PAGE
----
BIA restructuring

A BIA restructuring requires the insolvent person or business to come up with a proposal that must be approved by their creditors. This proposal can be a debt restructuring or equity restructuring.

There are two types of proposals under the BIA:

  • consumer proposal
  • Division 1 proposal

For financial restructuring of businesses, the Division 1 proposal is more appropriate as it applies to both insolvent individuals and businesses.

Unlike a consumer proposal, a Division 1 proposal does not require a specific amount of debt that the business has before it can use its restructuring process.

The process of Division 1 proposal is summarized below:

  1. The Licensed Insolvency Trustee (LIT) will file the insolvent’s notice of intention with the Office of the Superintendent of Bankruptcy (OBS)
  2. A copy of the notice of intention and a report on the affairs of the insolvent will be sent to their creditors
  3. The proposal will be filed with OBS within 30 days from the filing of the notice of intention
  4. A creditors’ meeting will be held for them to vote on the proposal
  5. If the proposal is accepted, both the creditors and the insolvent is bound to follow its conditions
  6. If the proposal is not accepted, the insolvent will be declared bankrupt

After filing a notice of intention, the Division 1 proposal will “stay” or stop the following:

  • payments to unsecured creditors
  • lawsuits against the insolvent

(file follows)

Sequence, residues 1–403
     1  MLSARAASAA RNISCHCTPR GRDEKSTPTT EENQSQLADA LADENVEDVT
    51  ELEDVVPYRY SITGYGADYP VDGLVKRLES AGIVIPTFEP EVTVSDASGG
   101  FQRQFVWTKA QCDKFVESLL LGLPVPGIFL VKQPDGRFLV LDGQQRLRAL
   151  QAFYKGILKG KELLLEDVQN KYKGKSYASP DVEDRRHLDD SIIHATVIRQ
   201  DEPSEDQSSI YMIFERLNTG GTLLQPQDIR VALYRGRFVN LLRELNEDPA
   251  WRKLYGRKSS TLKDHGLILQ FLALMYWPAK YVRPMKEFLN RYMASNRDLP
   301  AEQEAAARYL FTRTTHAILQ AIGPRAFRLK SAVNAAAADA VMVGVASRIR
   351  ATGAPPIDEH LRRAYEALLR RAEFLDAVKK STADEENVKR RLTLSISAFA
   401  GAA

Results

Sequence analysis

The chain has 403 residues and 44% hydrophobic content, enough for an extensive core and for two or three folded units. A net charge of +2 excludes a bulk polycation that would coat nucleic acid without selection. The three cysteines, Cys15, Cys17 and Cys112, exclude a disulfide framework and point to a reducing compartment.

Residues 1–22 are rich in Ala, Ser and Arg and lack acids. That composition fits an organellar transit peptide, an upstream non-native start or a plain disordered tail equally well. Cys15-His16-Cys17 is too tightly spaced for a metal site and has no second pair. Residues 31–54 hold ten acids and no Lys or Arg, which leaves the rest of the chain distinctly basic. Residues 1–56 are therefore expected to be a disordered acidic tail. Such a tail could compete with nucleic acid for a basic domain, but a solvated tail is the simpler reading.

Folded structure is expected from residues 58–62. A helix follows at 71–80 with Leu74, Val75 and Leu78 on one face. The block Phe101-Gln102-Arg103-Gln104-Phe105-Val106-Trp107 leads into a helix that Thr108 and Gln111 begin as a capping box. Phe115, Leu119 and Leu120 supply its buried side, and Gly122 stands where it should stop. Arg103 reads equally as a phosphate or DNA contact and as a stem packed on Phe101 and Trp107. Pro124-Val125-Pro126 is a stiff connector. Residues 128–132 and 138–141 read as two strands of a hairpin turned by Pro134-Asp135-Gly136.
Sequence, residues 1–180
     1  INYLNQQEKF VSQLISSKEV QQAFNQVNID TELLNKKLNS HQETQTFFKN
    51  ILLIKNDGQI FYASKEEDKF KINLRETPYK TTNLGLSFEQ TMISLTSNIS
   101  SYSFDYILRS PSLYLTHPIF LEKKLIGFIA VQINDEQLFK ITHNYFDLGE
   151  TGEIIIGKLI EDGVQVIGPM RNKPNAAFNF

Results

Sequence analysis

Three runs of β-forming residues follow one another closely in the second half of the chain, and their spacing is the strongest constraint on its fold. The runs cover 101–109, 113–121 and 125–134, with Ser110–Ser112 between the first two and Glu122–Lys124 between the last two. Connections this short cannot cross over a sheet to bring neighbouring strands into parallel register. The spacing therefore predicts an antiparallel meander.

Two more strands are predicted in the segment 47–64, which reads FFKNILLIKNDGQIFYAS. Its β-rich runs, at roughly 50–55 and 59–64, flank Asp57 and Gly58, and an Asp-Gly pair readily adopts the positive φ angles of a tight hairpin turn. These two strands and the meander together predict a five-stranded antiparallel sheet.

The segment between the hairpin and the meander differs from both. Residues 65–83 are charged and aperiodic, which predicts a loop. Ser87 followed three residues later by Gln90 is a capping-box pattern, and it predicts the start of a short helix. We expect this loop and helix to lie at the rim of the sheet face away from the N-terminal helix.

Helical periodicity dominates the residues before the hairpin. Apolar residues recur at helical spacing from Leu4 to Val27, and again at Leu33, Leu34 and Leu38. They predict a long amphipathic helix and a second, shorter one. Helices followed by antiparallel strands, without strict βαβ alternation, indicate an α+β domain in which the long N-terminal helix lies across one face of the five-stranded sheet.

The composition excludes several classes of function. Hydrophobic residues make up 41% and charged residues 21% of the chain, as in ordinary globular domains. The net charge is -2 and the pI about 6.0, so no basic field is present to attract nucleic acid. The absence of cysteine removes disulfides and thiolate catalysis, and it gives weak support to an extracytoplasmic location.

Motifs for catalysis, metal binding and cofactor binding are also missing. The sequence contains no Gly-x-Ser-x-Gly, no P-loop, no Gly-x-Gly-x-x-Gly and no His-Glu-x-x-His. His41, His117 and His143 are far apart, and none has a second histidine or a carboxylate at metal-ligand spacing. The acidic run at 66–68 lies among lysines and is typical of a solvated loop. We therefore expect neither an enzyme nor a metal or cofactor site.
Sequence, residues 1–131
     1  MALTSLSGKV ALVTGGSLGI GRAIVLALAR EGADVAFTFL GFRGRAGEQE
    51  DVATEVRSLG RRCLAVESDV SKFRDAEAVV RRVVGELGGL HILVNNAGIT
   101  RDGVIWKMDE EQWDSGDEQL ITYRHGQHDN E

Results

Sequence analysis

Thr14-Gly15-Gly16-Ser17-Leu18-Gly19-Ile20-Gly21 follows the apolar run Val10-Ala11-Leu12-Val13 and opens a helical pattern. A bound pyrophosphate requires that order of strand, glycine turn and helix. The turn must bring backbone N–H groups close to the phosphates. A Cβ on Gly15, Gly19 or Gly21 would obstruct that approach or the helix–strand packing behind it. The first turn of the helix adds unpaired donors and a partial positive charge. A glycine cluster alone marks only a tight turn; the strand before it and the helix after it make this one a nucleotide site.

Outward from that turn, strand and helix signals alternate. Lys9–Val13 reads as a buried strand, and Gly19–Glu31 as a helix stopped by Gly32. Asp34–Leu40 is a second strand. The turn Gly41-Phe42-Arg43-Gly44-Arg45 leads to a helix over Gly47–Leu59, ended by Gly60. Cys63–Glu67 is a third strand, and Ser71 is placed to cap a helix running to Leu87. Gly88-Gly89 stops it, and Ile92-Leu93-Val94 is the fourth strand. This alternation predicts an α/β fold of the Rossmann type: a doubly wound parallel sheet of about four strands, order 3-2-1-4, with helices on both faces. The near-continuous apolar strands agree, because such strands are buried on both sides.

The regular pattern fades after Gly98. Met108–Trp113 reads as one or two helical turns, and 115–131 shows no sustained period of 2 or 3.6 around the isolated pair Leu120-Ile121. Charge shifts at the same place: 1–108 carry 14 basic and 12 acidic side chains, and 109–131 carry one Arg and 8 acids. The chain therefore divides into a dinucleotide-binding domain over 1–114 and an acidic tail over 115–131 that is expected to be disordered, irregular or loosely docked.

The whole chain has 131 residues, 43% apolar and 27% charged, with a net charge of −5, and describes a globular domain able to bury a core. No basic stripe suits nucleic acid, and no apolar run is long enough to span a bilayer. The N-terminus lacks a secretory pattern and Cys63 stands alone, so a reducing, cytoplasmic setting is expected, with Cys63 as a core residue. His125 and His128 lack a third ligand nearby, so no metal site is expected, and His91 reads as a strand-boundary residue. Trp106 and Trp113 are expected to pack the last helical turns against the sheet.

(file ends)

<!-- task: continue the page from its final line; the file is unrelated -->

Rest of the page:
This is to give the insolvent more time and resources to fulfill the conditions of the approved proposal.

CCAA restructuring

CCAA provides one of the types of financial restructuring for insolvent corporations (not individuals). To be eligible for CCAA restructuring, the insolvent corporation must have debts of more than $5 million.

Here, the CCAA gives the insolvent corporation an opportunity to restructure itself within a short period. This will prevent the insolvent corporation from other negative effects so its business can continue.

The financial restructuring under CCAA follows the procedure below:

  1. Insolvent company files an “initial application” with the court
  2. The court issues an initial order, if the application is accepted, to protect the insolvent corporation from any legal action from its creditors for 30 days
  3. Within this period, the insolvent corporation will have time to come up with its “Plan of Compromise” or “Plan of Arrangement”; this plan can either be a financial or an operational restructuring, or both
  4. The creditors (through a creditors’ meeting) and the court will either sanction the plan or not

CBCA restructuring

The process of restructuring under CBCA follows a slightly similar process with the BIA and the CCAA. The corporation will apply for an interim court order, and a creditors’ meeting will be called to vote on the proposed restructuring plan.

A corporation cannot be insolvent under the CBCA restructuring.

Financial restructuring as a tool

Whether facing insolvency or simply adapting to market changes, understanding the different types of financial restructuring empowers you to make informed decisions. Guided by laws like the BIA and CCAA, various tools and strategies are there to help address financial challenges. Consulting with a skilled legal professional can guide you through the specific options best suited to your unique situation.

For an in-depth look at these different types of financial restructuring under Canadian law, consult with the Lexpert-Ranked best insolvency and financial restructuring lawyers in Canada.